There's this great quote by Zora Neale Houston. She says, "There are years that are questions, and years that are answers"-
Some years are walks in a darkening wood.
People who don’t know what they want are dangerous. Resentful, unstable.
Shapeshifters, adjusting themselves to whoever they are around.
There’s a type of woman that feels she exists only in the moment that men glance at her. I imagine for these women, aging is hard. To feel your existence diminishing, year by year, until you cease to matter at all. A living death. This has been written about before.
Betrayers- how can these people, these shifters, respect themselves, knowing that they have no spine?
Perhaps they don’t respect themselves. Perhaps this is why they need to check their existence in the eyes of strangers.
That's obvious, I guess. But when one friend betrays another friend, what do you do?
What was at stake was trivial, has already passed. And yet. The true colors were there. I saw them in her eyes.
They say we are most critical of the flaws we wear ourselves. So maybe-
yes, probably. Let’s be honest here, you and I. I am critical of her because I recognize my past in her.
It’s a strange thing to have moved around as much as I have, in recent years. And my past has not followed me.
In Tucson, in Charleston, they did not know the truth about me, if truth is the composite of all we have done-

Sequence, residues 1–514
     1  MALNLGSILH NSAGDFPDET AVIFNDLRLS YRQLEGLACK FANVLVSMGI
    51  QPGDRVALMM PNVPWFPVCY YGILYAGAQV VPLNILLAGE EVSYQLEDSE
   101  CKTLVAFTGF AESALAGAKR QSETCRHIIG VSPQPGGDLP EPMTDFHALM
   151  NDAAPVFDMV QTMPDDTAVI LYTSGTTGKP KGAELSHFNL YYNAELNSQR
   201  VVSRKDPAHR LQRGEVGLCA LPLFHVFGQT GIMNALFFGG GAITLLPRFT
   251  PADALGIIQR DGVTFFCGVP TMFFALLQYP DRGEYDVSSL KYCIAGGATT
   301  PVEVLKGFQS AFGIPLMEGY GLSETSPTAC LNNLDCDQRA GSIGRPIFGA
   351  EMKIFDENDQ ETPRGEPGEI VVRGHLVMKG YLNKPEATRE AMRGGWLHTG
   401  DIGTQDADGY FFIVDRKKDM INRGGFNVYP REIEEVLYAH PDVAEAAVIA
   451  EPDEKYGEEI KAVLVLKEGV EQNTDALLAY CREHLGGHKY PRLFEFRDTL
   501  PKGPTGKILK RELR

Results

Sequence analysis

High school autodidact, moved out when I was- 16? 17? Crazy girl, bad reputation. Fell in love with a boy. Our love-nest in the treetops. Seven years of fierce, wolfish devotion. Devotion that devoured itself- and then, there I was. Suddenly alone, dust settling around me.
I did then what hollowed-out girls have always done (what girl above is doing). I exploded a bunch of other people’s relationships.
Sometimes love is musical chairs.
Musical chairs, for years. One of those relationships held Andrew. I stole him, like taking an egg out of a nest. I broke some other girl's heart. A nice girl, good girl.
Arguably, I guess, I did also steal that first boy, back when we were 17... another nice girl, good girl, much nicer than I was then. Maybe that is how it always goes.
(Maybe no safety in being nice.)
So I should not begrudge this girl, this devourer, for taking what she must, to figure out her borders. Bittersweet thieving. The lonely heart is merciless.
Oh, girl. But I do wish you were the thing I thought you were, anyhow.
Men have always been my cities. It's my failing as an artist The thing which has held me back most. My weakness in love: devotedness.
Our friends look to Andrew and I as a solid place. To our relationship itself as a dot on a map: and yet in human relationships there can be no solid ground.
Knowing this, as I know all too well, what is love? Everything is sand.
A dear friend came to visit us. His buddy wrote a magnificent article about him. I can never do more justice to Pat than that. You should read it here.
A number of wonderful days. Editing. Visiting Vail with family. Snowshoeing, writing, another linocut. Fireplaces. Long cold walks in the city, in the trees. This stuff, in coffee shops.
March 24th, 2014
Blue day today. I submitted some chapters to a contest. Contests an unwise practice, as Pat’s chronicler, Joe Yelverton, advised me with this quote from a manifesto:
"Don't enter awards competitions. Just don't. It's not good for you." -Bruce Mau
If you win, you possess for a while an incorrect idea about your place in things.
If you lose- again an incorrect idea about your place in things. (or is it incorrect?)